When the lockdown came, there was anxiety and chaos. The stock market plundered, death tolls multiplied daily. There was the shopping frenzy, and hoarding. Hospitals were overcrowded, medical staff was exhausted, front line workers unprotected, people becoming unemployed, and the list goes on. The creation story in Genesis 1 inspired me with hope. Chaos is a call to God’s creative ways. Since we were created in God’s image, we too can create beauty from chaos. If people pressed into the image of God in them, we can bring restoration. Social distancing helped me to see how we need to live for the good of others not just for ourselves. During Easter, the story of Jesus’ suffering, death and resurrection revealed that there is more to life than our suffering or death. It is the Lord Jesus that inspired the Thessalonians with a hope that enables them to endure the difficult labor of love. Paul tells how he presses on to take hold of that which has hold of him, God’s unrelenting love. 

What are you inspired to hope for as you draw strength from Jesus?

Where might God be inviting you to see hope in your life?

Where can you offer hope?



Make love your aim…
1 Corinthians 14:1 (RSV)

Things won’t be the same.’ This has been a shared sentiment and lament as we have endured during this time and even as we look ahead. Yes, things certainly won’t be the same. And yet, when we look back over the course of history, or even our own lives, when have things remained the same? And even when they did, what benefits did it actually bring besides comfort in the moment?

As I have grappled with the myriad of emotions that come when I ponder the ‘sameness’ I have grown accustomed to in my life, I have had to confront a number of unpleasant and ugly things within myself.  March 12th was a dark day for me. Beginning early in the day, I experienced a chain of events and communication that caused me to angrily alter my plans, only to find out later that day the effort and changes I had sacrificed my plans for were not even appreciated!  In fact, there was the potential that the time, thought, and effort I had put in on their behalf could be used against me! I was livid. Even worse, I knew this was only the beginning of similar days and conversations as the announcement to ban large gatherings in NYC was made that afternoon.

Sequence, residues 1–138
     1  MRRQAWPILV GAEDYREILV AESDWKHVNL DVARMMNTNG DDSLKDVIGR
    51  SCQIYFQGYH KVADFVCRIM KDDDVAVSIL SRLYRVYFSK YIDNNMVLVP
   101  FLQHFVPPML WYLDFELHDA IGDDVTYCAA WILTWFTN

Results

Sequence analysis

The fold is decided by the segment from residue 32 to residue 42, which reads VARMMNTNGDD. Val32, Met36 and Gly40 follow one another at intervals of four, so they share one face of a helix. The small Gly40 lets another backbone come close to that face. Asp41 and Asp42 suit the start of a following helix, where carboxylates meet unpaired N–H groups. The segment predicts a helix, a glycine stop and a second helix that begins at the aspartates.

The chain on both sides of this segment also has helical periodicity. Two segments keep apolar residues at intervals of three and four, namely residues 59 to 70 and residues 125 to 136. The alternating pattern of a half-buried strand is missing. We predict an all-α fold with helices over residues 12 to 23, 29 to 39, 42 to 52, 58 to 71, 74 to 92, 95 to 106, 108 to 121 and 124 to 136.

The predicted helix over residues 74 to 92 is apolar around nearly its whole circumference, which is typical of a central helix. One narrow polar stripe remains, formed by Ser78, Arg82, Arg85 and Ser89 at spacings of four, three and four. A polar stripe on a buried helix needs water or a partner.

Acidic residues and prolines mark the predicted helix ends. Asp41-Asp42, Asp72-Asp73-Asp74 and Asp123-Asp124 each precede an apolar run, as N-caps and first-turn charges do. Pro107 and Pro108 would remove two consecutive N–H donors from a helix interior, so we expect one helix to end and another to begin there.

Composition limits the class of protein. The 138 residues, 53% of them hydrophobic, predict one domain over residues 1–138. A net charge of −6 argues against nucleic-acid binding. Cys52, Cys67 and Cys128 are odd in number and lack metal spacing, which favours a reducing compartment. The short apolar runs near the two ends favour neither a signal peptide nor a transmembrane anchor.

I had a decision to make in those next 24 hours, would I continue to let my anger consume me or was there another way? As I sat with God the next morning, I reflected on Jesus’ love for me: the great cost of becoming fully human leading to the cross, and I was broken. I was broken as I saw the overwhelming difference in the size of love Jesus has for others versus my own. The lack of love I recognized in myself that morning led me to a deeper heart of gratitude of his love for me. Despite my shortcomings, his love receives me. It compels me that I cannot remain the same. In this posture, I was able to examine what lay beneath my anger and realized I was actually sad and hurt, because I did not feel valued by the actions and words of others .

Outside my bedroom window is a sculpture I had never even realized was there for the better part of a year. Although the rooms are only a few feet apart, the sculpture is not visible from our living room window, our normal view of the outside world. Only after raising the blinds of our bedroom window/(now second workspace), did I become aware of what’s been there all along. God’s love is present all the time; it’s me who hasn’t taken the time to see and love through his eyes. It’s an invitation to love differently- to open myself to the loss of value others may be experiencing that is causing their pain and anxiety. I thank God that even within the ‘limitations’ we find ourselves in, he offers a different perspective.

I still have a long way to grow in love, but as much as I know we are not meant to live apart from others, we cannot do it apart from the loving, freeing arms of God. My aim each day must first be to know myself in the love and light of God to continue forward in faith, hope and love. Things won’t be the same, but there’s an opportunity for things to be better, starting from within.